Climate change will have unique and unprecedented impacts on women and girls everywhere. As we look at new, innovative ways to empower women as key agents of change, it’s essential we take gender-responsive approaches to mainstream and accelerate more effective climate actions across the globe.
While we remain hopeful that our people and our planet will abide the horrific and catastrophic impacts of climate change, we are entering an era where multiple disasters will stack on top of each other to destabilize large portions of our society and our economy.
Environmental degradation will push women even further into the margins as they travel far and wide to collect water, find firewood, escape drought and famine, and provide for their families. These destabilizing forces are putting women and girls at increasing risk, including the different forms of gender-based violence.
Women and girls everywhere are at the breaking point – and our failure to halt climate change and build more resilient societies is at fault.
The power of women in climate actions
While climate change often intensifies existing economic and social gender disparities, gender-responsive actions address these disparities, while also enhancing overall outcomes and strengthening gender equality.
Women and girls should be the central drivers of these actions. They are the protectors of the forest. They provide safety and security for their families. They educate future generations, and they are largely responsible for ensuring food security.
With the right protections – and the right enabling environments that foster equality and women's agency – these women will be the backbone of our global efforts to keep temperature rise below 2 degrees, protect our forests, build climate-resilience economies and societies, and ensure a more inclusive and safer world for generations to come.
In some ways, current climate actions fall well short of our targets to achieve gender equality and empower all women and girls as outlined in SDG 5 of the 2030 Agenda for Sustainable Development. The ‘Gender Equality in National Climate Action: Planning for Gender-Responsive Nationally Determined Contributions’ study by UNDP, indicates that of the 161 submitted Nationally Determined Contribution (NDCs), only 63 countries made at least one reference to gender equality or women.
That’s not OK. And we need to do something about it.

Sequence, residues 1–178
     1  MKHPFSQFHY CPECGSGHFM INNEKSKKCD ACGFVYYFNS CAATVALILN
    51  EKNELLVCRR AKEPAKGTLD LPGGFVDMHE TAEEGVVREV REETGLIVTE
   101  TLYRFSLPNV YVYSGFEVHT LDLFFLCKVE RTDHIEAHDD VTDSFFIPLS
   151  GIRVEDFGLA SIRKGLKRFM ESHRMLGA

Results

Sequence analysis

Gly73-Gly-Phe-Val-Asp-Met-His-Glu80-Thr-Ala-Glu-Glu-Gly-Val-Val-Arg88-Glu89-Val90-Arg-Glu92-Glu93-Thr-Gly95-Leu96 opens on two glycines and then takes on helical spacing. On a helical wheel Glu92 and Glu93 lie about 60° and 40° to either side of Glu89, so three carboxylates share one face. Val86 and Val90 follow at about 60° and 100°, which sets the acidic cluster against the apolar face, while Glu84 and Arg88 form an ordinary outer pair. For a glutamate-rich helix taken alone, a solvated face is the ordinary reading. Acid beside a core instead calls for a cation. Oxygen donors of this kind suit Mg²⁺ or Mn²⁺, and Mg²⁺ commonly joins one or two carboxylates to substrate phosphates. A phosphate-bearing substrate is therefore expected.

Moving into this uncharted territory requires us to bridge the human development nexus, and connect climate and environmental actions with gender-inclusive solutions. It means that siloed approaches to climate action, gender action and sustainable development are not enough anymore – if they were ever at all.
All of these actions need to connect – in a symphony of everything – to ensure no women or girl is left behind.
In Cambodia, gender-responsive approaches means women are making US$500 extra a year selling crops from home gardens. Photo: UNDP
Empowering women to power the SDGs
While much needs to be done, the good news is that we are already making some progress in this area.
In climate and environmental actions financed through the Vertical Funds – including GCF, GEF, the Adaptation Fund, and other bilateral and multilateral sources – 73 countries are working to ensure women’s leadership and decision-making in environmental management. And we all know that providing access to leadership for women is a key driver in achievement of our inclusive goal of gender equality by 2030.
Better still, a total of 86 percent of our Vertical Fund-financed climate and environment projects are mainstreaming and advancing gender equality within project outcomes.
On the ground, in places like Cambodia, gender-responsive approaches means women are making US$500 extra a year selling crops from home gardens that work on 12-month cropping calendars and protect against climate change. In Niger, collective gardens and improved marketing schemes are making women healthier, and ensuring access to healthy food for young girls. In Uganda, the Government is developing a gender-responsive National Adaptation Plan for the Agricultural Sector with the support of a joint UNDP-FAO programme. This work will inform the gender action plan and impact of a new GCF-financed wetlands project, which is set to build resilient communities and protect wetland ecosystems for over 4 million people. The wetlands project in Uganda is also testing new approaches to address and prevent gender-based violence while providing sustainable alternative livelihoods for women.
Taken together, actions like these not only put women in the driver’s seat for natural resource management and food provisioning, they also provide new opportunities off the farm, empowered voices and chances beyond early marriage, forced marriage, genital mutilation, slavery and other appalling acts that should not be taking place in our 21stcentury.